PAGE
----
AT A GLANCE
Deep bass from a compact design
DSP and app control
Control app not user-friendly
Unreliable Auto On/Off function
No wireless connection option
OSD Audio’s powerhouse Trevoce 12 delivers deep bass from a compact cube. And with onboard DSP and app-based control, users can tune the sub’s output for best performance in their listening space.
OSD Audio is a maker of many audio-related things, its extensive product line covering most bases for custom residential and commercial installations. But the company also has a fair number of consumer offerings, including a sizeable range of subwoofers. Last year I reviewed its Nero TubeBass 10, a cylinder-shaped model that provided a decent wallop of bass given its compact size and $179 price. Now, for this review I’m stepping up to the Trevoce 12 EQ DSP, a flagship subwoofer from the company’s swanky Black Series that still tops out at a reasonable $600. (OSD Audio also plans to launch a 15-inch model in the near future with a $799 price.)
The Trevoce 12 EQ DSP combines a 12-inch front-facing active driver with a pair of 12-inch side-facing passive radiators. (Other models are available with 10- and 8-inch driver/passive radiator configurations.) OSD Audio specs “power handling” at 800 watts and frequency response as extending down to 18Hz +/-3dB. Impressive, but the main attraction of Trevoce models is the built- in DSP, which can be controlled using the third-party iWoofer iOS/Android app (free for the base version and $10 for a Pro one that adds auto room EQ and other features like an SPL meter).
According to OSD Audio, as of July 2021 the Trevoce 12 ships with a native DSP EQ curve that’s responsible for extending bass to below 20Hz. (An earlier version of the sub delivered around 6dB higher SPL but had reduced low-frequency extension.) A notable feature of DSP/app control on Trevoce series subs is the ability to shape frequency response using 25-band parametric equalization, a process that can be carried out via your own golden ears or, even better, some type of speaker measurement software.
OSD Audio’s sub is a 15-inch cube with gently rounded edges and a black “synthetic-leather” finish. Substantial rubber cone feet isolate the Trevoce 12 from vibration, and its front-facing active driver is covered by a removable black mesh grille. The sub’s side-mounted passive radiators are exposed, with the pattern on the woven glass fiber surface lending it a high-tech look.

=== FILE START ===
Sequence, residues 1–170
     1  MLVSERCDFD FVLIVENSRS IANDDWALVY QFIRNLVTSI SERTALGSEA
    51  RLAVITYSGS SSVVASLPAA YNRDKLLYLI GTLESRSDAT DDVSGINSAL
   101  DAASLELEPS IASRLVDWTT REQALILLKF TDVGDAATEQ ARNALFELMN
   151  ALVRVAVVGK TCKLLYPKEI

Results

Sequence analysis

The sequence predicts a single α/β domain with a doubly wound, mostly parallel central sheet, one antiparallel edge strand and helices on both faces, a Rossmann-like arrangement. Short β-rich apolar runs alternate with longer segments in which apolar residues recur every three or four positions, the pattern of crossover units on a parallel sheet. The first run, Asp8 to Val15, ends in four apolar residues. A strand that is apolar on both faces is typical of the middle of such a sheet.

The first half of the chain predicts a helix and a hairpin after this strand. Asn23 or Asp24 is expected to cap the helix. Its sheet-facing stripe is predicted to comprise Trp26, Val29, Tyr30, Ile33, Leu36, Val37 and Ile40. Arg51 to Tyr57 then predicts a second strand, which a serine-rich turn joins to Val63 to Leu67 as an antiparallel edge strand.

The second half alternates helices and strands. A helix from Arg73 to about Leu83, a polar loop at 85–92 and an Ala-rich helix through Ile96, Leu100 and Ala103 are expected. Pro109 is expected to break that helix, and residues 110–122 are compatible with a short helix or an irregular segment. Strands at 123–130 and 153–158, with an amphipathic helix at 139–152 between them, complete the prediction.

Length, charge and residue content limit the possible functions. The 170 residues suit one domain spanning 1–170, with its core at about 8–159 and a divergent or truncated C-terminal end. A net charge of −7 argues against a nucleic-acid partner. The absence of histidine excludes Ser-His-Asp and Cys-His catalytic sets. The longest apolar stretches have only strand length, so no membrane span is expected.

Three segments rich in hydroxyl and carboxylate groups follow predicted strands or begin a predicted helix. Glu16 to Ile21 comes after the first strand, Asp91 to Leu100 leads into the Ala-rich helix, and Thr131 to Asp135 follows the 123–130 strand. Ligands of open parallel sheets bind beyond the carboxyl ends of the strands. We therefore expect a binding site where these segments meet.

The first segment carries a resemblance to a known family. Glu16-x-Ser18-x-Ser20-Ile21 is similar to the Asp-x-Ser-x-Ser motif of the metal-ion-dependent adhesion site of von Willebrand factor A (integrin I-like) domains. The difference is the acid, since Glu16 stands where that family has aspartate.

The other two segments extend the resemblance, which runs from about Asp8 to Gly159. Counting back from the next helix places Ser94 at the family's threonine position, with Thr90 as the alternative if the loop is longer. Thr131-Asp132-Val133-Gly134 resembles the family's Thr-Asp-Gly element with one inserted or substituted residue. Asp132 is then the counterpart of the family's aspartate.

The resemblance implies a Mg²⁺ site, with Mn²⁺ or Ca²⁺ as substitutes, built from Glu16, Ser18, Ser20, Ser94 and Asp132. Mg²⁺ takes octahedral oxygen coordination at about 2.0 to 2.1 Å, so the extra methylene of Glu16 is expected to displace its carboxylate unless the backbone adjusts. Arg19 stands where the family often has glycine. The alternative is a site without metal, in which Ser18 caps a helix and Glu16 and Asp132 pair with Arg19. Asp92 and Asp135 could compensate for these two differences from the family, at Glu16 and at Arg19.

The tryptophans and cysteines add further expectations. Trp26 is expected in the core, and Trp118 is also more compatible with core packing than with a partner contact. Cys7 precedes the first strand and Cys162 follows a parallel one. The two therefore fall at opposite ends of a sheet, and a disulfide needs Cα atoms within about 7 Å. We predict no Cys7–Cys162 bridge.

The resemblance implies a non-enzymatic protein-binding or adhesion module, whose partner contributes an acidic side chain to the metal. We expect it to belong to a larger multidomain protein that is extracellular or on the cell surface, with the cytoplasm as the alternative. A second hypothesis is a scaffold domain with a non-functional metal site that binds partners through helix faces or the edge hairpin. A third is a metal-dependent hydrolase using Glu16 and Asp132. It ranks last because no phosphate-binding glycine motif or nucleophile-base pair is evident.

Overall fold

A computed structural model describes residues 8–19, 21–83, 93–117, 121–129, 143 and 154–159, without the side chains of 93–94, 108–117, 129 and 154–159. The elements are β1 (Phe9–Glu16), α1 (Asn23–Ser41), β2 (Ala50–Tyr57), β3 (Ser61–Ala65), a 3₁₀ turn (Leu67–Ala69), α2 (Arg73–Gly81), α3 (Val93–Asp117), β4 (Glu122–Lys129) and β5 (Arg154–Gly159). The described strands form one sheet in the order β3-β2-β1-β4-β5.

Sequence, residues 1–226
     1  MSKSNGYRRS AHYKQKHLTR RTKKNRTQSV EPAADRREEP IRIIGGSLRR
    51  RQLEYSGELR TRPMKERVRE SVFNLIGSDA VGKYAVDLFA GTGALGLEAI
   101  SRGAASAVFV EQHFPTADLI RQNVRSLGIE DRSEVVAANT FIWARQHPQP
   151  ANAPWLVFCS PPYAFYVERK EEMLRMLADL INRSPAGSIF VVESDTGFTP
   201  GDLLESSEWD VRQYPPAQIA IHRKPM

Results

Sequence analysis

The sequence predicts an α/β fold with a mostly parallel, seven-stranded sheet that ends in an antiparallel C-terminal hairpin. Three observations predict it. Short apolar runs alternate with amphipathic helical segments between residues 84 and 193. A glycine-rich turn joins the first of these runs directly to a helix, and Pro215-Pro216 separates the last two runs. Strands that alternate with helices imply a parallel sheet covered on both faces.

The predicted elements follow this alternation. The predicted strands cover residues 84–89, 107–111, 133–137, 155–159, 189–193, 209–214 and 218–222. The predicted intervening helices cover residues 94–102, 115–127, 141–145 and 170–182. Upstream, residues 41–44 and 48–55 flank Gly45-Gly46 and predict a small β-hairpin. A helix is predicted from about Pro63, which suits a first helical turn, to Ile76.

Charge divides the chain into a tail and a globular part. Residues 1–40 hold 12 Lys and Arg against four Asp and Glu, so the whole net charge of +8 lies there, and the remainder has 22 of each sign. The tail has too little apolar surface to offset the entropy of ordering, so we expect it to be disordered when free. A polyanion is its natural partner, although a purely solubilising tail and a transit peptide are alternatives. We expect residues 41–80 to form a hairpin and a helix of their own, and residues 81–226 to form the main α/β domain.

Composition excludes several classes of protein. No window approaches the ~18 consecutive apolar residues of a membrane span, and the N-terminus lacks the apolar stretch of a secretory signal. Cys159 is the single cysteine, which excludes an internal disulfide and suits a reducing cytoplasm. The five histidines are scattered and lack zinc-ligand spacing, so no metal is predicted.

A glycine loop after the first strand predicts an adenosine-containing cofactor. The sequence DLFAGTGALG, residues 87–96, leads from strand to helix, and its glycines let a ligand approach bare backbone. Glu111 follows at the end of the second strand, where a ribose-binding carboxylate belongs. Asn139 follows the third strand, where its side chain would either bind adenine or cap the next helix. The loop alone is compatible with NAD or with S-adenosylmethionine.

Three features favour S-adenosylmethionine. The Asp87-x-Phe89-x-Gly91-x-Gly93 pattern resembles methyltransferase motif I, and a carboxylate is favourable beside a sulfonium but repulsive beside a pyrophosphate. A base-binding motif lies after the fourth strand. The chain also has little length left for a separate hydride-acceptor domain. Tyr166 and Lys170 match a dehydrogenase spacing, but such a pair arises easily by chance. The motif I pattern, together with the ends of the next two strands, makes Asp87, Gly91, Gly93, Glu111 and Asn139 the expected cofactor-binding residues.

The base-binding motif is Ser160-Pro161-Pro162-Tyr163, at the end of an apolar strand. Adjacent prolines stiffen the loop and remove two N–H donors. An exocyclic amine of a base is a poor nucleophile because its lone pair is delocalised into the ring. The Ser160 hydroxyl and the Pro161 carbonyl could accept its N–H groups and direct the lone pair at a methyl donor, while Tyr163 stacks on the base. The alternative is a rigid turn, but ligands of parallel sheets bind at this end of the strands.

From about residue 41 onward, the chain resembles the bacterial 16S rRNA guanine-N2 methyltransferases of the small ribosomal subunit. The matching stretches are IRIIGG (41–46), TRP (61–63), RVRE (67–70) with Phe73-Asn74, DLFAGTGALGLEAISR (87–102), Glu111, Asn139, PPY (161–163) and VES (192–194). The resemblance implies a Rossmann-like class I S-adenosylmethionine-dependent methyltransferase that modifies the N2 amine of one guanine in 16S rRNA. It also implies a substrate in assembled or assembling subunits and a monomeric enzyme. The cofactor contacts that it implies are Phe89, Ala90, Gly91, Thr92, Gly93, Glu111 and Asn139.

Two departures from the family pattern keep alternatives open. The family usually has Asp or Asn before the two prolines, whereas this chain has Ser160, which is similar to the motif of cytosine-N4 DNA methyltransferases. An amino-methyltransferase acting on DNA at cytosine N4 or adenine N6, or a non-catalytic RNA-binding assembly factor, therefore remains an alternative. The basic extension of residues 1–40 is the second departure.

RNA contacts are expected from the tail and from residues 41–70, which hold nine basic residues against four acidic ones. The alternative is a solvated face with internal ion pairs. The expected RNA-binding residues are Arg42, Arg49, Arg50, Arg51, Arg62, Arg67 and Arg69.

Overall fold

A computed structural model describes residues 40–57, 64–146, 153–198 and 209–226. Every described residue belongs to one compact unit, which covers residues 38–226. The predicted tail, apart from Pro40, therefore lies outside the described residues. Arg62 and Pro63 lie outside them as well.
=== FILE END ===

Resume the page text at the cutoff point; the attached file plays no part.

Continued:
Connections on the Trevoce 12’s rear-panel include speaker-level inputs and outputs, a stereo RCA low-level input, and an RCA LFE input. There are continuous dial adjustments for volume and crossover frequency (40Hz-200Hz), and a 0-180 degrees phase switch. Additional switches are used to enable the sub’s DSP control when using the iWoofer app for adjustments and to set the power mode (Auto, On, Off). While it’s nice to have that last option offered, I noted that the subwoofer remained On in Auto mode even when there was no signal being sent to it, with the power LED indicator remaining permanently blue. (The same LED was also very bright and a bit distracting in the dark.)
I listened to the Trevoce 12 in two separate systems. The first was in the front left corner of my 16 x 9 x 20-foot (W x H x D) living/music room paired with GoldenEar Technology BRX bookshelf speakers. Next, I moved it to my 12 x 9 x 16-foot home theater room to serve as the .1-channel in a 5.1.2 Atmos configuration using Polk Audio Reserve speakers driven by a Marantz SR6014 A/V receiver, with the sub positioned along the front wall between the right front tower and center channel speaker. Both disc playback and Roon were used for music sources in both systems (via an Oppo UDP-203 player).
While it was good to have a set of physical adjustments on the Trevoce 12 itself, most listeners are likely to use the iWoofer app to dial in settings, as I did. After connecting via Bluetooth, the app shows a UUID identifier for the device that you can then rename (Trevoce-12-1, Trevoce-12-2, etc.). You are also prompted to import the sub’s current DSP settings—basically, the positions of the Trevoce 12’s hardware dials and switches. From here, things get less user-friendly, though OSD Audio’s manual does a decent job explaining the app’s various options.